The fail was hard – the fail was frequent.

For myself, I watched much of this happen from a distance.  Without a solid schedule to depend on, my raiding days looked to be done.  I signed up for the raids that were on the calendar, but as time came and went, the runs ended up dying because people wouldn’t show up, or because 10 random 80’s showed up in before raid time and decided to start early.  Disgusted, I played an alt, did some battle grounds, and waited for things to get better.  One Saturday night I ended up hanging out with the Raid Leader as he took his brand new guild through ICC-10.  It was a good time.  We made it up to Saurfang before calling it a night.  It was good to be “winning” again.

This Saturday the guild planned an ICC-10 run followed by ToC-10.  They felt much more confident as everyone had used 3.3’s gift of badges to really start working on their gear.  Now – with virtually everyone sporting full T-9 they were in a good place.  I recommended to the officers that they try to reverse the order of the raids.  Let everyone take all that new gear and finally excel in fights they already knew.  The “win” would bolster their confidence, maybe breathe some new life into the raid team.

Much to my pleasure they took the advice.

Much to my displeasure they launched the raid over an hour early – disenfranchising people that had signed up and showed up on time.

Still, the gear helped, they cleared ToC-10.  It was late when they got done so instead of moving on to ICC, they decided to put it off until regular raid time on Sunday night.  With nothing changed on the calendar I crossed my fingers and showed up on Sunday night about an hour prior to the normal raid time.

The guild message of the day scrolled past.

ICC-10 at 2pm server!  Be there if you need the weekly raid quest!  Full clear if we don’t suck!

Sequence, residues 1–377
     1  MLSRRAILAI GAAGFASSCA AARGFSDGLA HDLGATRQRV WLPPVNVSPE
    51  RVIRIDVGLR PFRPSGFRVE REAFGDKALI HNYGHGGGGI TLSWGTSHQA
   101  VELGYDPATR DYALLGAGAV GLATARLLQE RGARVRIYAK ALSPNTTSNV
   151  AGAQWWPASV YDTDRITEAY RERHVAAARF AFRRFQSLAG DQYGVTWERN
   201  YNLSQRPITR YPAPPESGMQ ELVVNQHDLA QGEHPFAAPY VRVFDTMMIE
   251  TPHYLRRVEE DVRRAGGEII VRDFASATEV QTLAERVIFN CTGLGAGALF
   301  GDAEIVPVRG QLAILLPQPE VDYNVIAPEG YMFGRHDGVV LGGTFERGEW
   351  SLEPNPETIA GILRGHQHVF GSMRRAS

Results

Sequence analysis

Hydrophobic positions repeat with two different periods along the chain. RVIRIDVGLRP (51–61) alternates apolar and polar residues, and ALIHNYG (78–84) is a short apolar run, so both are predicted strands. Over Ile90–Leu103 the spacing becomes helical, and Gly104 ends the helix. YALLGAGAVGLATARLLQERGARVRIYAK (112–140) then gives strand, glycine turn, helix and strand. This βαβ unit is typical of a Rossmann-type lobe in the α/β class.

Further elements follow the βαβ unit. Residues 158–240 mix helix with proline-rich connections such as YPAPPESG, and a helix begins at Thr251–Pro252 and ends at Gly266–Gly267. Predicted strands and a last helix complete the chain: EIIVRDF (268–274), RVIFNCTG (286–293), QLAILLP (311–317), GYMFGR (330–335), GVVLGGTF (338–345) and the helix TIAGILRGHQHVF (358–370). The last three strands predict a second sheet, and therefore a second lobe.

Over 4 hours earlier than the scheduled raid time.  4 hours.  On a positive note, they’d made it past Lady Deathwhisper and were trying out the Gunship Fight.  They were winning.

I’m happy for them.

But I’m officially done trying to raid with them.

So ultimately – I guess I lose this round.


7 Responses to “Winning and Losing”

  1. Nora January 12, 2010 at 15:54 #

    Sorry to hear about the experiences, Rain. And here I was going to ask you for advice on a good Horde guild if I start playing there a bit more! 😉 (Need to check things out before goblin shammies hit, after all…)

  2. Windpaw January 12, 2010 at 15:56 #

    hey Nora – there are several good horde guilds on MG. The key is knowing what you want before you go looking I suppose 🙂 Feel free to shoot me an e-mail (should still be in my veritas forum profile) or catch me in game!

  3. Chawa January 12, 2010 at 22:47 #

    I hate to say it but this was a very interesting read for me considering my small guild is just trying to get 10man raiding organized so that it’s scheduled and fair to all members. I’m hoping our attempts don’t backfire, like it did for your guild.

    Coming from a small guild of mostly RL friends, it bothers me that your guild didn’t make efforts to ensure that changing raid schedules were advertised using as many forms of communication possible. The ingame guild greeting is not the only means available….

    I can understand why you’ve given up raiding with them… I hope you keep raiding with the (now x) raid leader. That sounds like a good match for you!

  4. windpaw January 12, 2010 at 23:07 #

    Communication is huge and it’s part and parcel why I’ve finally decided to stop banging my head against the wall here. The big issue is that most of these guys have either (a) known each other for years – or (b) live across the street from one another. Most have *ample* game time and they’re simply enjoying the game in a manner that just isn’t possible for me. I’m frustrated for that reason and that reason alone. Don’t get me wrong – I love the guild – I’ve known them for a long time. I can easily enjoy the game with them – I just don’t need to try to raid with them. Our playstyles and scheduling needs just don’t fit.